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Building the Maxon House: Week 10

In our latest Backstory series, Seattleite Lou Maxon recounts the thrills and trials of ditching the suburbs, buying property, and designing and building a modern house with Tom Kundig of Olson Kundig Architects. Week Ten: Maxon House Concept Design


In mid-July of 2008, my wife and I made our way up to the sixth floor offices of Olson Kundig Architects. It was one of the most exciting days for us since purchasing the property. We had completed and submitted our house program and now we'd be on hand for the unveiling of Tom Kundig's vision for our future dwelling. By this point Tom had visited our site and our past residence and scouted out the perfect spot on our 21-acre property to locate the house. We were both looking to see how he'd solve the puzzle of outfitting a modern dwelling for a family of five (my wife and I and three growing boys) in addition to creating an office or studio space for my business and a place for storage and parking.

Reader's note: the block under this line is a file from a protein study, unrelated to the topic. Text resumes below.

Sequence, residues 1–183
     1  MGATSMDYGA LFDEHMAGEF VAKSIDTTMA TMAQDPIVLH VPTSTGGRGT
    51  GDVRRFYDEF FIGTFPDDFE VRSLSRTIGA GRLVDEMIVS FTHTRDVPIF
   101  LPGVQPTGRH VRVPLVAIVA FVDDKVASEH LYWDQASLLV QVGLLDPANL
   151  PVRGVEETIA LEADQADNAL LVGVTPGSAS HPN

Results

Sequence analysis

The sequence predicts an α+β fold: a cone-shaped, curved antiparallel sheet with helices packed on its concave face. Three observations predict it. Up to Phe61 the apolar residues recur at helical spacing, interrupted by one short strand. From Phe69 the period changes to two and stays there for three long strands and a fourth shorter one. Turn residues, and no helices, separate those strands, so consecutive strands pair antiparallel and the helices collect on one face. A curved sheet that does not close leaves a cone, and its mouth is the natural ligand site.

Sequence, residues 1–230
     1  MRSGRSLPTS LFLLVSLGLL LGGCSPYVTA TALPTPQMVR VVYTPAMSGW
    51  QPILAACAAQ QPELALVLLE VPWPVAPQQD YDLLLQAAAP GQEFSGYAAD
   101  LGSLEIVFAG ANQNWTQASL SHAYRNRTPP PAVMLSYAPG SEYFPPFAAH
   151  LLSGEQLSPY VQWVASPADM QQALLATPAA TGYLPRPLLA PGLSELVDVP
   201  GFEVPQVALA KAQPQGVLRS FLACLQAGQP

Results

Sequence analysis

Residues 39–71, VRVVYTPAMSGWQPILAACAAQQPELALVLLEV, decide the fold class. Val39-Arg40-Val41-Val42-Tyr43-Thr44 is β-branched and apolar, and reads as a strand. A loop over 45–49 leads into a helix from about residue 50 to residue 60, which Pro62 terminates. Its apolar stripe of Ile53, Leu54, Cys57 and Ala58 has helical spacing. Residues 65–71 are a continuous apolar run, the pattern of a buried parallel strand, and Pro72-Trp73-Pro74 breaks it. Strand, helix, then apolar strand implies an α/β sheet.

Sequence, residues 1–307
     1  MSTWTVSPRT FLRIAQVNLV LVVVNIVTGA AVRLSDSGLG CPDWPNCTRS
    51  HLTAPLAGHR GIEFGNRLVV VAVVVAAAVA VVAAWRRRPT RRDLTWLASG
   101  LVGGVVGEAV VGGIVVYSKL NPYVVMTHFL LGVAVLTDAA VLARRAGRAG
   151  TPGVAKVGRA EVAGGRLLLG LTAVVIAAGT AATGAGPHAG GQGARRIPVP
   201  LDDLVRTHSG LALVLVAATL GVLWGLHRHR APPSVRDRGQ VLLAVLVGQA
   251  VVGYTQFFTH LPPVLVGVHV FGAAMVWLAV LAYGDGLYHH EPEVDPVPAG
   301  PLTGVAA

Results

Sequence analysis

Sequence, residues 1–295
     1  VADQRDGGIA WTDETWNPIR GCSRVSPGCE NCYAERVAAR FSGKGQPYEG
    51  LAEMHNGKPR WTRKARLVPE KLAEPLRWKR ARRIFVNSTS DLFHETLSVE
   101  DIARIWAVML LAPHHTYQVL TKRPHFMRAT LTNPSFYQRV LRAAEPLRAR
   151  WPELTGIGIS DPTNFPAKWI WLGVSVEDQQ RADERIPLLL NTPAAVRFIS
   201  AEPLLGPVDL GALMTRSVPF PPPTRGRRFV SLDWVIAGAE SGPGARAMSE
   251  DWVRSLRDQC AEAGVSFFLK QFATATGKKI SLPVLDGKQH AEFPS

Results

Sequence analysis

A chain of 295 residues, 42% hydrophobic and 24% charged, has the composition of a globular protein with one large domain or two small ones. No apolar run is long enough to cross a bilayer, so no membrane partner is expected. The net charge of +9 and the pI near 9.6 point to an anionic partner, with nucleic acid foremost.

One of the things I remember clearly from researching the firm and Tom's work was a quote from his book, thanking his clients "for their emotional and financial risk-taking in a poetic science—architecture is not a return or money-back-if-not-completely-satisfied deal."

This sentiment resonated with us. We were ready to roll the dice. We settled into the conference room. The space was decked out with site photos and shots of the kids running and playing on the property. Poster-sized maps locating our site and plans littered the cork walls of the light filled space. Tom Kundig and Edward LaLonde walked in and the show started.

One of the fun elements of the first meeting was starting to see ourselves as the client, as the family in the space. This was done in two ways during the presentation of design concepts. The firm started to build a visual storyboard in the presentation room and in the drawings themselves, portraying vector-based figures of the boys and my wife and I moving throughout the space and on the site.

For previous installments of "Building the Maxon House," click here.

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